I've always read that LCDs work like electronic venetian blinds, letting light through or blocking it and thus producing various readouts on 7-segment or matrix displays. But I was just looking at my GLX-5500 from a very oblique angle, and I've noticed something I've never seen before: if you look from precisely the right angle, the two blinking dots (I've got a chronograph running) are not steadily blinking in a 1-second rhythm; instead, it looks as if there is a short energy peak (let's say 0.1s in duration) every time the dots light up AND when they disappear, i.e. twice per second. Furthermore, during the time when the dots are either on or off, you can't tell whether they're on or off from that particular angle, you just see those energy peaks when they change their state. The same goes for the segments that make up the seconds, the tenths are only noticeable when there is a change every ten seconds, and the hundredths display is very busy.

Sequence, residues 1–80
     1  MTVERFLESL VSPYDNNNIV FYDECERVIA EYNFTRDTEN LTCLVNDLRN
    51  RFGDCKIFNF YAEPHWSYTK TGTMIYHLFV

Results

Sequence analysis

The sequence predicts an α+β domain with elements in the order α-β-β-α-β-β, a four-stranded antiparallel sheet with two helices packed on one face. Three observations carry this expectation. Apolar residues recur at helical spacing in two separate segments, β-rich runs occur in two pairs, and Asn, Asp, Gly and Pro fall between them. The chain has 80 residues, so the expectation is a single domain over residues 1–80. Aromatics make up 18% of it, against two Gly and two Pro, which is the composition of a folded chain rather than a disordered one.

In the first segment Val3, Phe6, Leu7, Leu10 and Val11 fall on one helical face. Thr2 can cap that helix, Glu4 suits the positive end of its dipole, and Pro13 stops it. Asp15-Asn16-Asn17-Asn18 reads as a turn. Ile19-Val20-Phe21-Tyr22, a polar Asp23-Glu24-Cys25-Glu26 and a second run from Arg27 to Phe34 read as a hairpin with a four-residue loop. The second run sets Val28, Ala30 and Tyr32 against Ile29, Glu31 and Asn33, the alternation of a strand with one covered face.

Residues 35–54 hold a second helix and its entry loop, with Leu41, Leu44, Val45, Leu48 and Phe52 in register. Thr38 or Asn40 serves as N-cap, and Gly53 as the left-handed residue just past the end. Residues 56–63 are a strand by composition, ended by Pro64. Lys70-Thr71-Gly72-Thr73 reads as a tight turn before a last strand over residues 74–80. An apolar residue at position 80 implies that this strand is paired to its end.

I hope my explanation makes sense. And my question: is this consistent with a characteristic of LCD operation that is too technical to be included in those general explanations? What is actually going on?